Uveitis is inflammation inside the eye, specifically affecting one or more of the three parts of the eye that make up the uvea: the iris (the colored part of the eye), the ciliary body (behind the iris, responsible for manufacturing the fluid inside the eye) and the choroid (the vascular lining tissue underneath the retina). The structures of the uvea, marked here in red, are collectively known as the uveal tract. Uveitis is a serious ocular condition. It is the third leading cause of blindness worldwide, accounting in the United States for 10-15% of all blindness. Untreated or under-treated uveitis, or repeated episodes of inflammation within the eye, can lead to scarring and blinding consequences. Uveitis is a treatable condition. Patients are urged to seek consultation with a uveitis specialist, a physician with advanced training in inflammatory eye disease.
Inflammation of the uvea may occur as a consequence of diverse stimuli. These can be broadly classified according to the following mechanisms: traumatic, immunologic, infectious, and so-called masquerade. Uveitis may affect individuals of any age from infancy on. It also affects people from all parts of the world, and it is highly significant cause of blindness, accounting for 10-15% of all blindness in the United States. The average age (mean age) at presentation is approximately 40 years. Uveitis can affect people at virtually any age. Many patients in the pediatric age group, younger than 16 years, suffer devastating complications of uveitis. The peak age at onset of uveitis, in the third and fourth decades, magnifies the socioeconomic impact of uveitis on the individual and on the community.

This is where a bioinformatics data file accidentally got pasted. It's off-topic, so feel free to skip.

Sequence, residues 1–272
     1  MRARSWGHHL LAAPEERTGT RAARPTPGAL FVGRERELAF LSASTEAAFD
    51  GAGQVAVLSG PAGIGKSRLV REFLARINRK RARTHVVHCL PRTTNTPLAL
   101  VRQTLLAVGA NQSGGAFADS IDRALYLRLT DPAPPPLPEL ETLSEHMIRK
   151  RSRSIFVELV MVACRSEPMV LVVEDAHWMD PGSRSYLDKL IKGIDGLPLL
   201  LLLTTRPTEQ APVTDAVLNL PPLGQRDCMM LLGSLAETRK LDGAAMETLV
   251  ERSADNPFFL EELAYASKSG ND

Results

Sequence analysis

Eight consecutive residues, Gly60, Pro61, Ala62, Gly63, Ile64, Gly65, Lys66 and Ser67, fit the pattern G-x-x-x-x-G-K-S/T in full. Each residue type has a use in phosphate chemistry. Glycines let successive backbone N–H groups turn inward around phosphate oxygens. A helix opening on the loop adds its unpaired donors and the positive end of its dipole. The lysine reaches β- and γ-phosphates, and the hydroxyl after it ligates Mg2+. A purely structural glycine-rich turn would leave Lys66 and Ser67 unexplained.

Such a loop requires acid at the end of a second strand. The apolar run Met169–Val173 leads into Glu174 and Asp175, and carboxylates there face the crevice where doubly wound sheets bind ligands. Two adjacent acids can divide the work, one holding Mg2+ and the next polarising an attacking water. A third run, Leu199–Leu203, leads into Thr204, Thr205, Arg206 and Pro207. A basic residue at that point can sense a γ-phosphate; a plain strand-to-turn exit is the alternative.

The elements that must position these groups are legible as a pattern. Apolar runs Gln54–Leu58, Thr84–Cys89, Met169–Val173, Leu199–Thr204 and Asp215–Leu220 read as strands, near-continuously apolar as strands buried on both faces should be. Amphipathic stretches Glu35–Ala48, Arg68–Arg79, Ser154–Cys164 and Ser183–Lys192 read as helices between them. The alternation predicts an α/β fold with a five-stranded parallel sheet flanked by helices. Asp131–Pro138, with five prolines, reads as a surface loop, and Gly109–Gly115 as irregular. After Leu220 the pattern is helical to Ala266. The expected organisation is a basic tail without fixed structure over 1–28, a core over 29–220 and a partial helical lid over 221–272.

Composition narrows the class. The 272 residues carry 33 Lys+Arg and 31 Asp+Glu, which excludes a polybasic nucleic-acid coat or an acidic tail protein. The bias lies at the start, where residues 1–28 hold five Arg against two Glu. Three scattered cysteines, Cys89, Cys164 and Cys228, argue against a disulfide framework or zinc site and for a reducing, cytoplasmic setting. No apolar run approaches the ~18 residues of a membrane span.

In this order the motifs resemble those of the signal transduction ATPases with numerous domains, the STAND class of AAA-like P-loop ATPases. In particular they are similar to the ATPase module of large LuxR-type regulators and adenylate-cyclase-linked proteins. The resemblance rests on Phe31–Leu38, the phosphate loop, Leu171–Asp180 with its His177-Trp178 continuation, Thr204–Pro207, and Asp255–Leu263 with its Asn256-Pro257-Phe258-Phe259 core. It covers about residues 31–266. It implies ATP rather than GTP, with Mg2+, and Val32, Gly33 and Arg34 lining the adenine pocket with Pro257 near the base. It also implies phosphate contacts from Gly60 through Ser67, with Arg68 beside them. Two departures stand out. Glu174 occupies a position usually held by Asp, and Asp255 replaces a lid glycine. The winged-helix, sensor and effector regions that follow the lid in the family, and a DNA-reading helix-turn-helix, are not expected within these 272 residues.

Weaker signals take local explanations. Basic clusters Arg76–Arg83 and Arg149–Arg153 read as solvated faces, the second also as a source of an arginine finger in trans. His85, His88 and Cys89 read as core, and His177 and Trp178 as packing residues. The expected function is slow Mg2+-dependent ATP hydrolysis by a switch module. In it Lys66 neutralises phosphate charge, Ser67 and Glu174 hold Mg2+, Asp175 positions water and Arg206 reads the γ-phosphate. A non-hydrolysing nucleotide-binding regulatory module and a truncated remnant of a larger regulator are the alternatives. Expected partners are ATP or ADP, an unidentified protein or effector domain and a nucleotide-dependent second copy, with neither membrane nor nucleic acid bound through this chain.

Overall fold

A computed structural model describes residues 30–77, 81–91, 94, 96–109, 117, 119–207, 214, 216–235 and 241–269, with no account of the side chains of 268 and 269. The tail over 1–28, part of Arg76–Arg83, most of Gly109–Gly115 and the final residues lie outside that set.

The incidence of uveitis in the United States is approximately 15 cases per 100,000 population per year, or a total of some 38,000 new cases per year. Anterior uveitis is the most common form of uveitis, followed by posterior or panuveitis, intermediate uveitis is the least common form but still comprises a significant number of cases (4% to 17% of all cases of uveitis).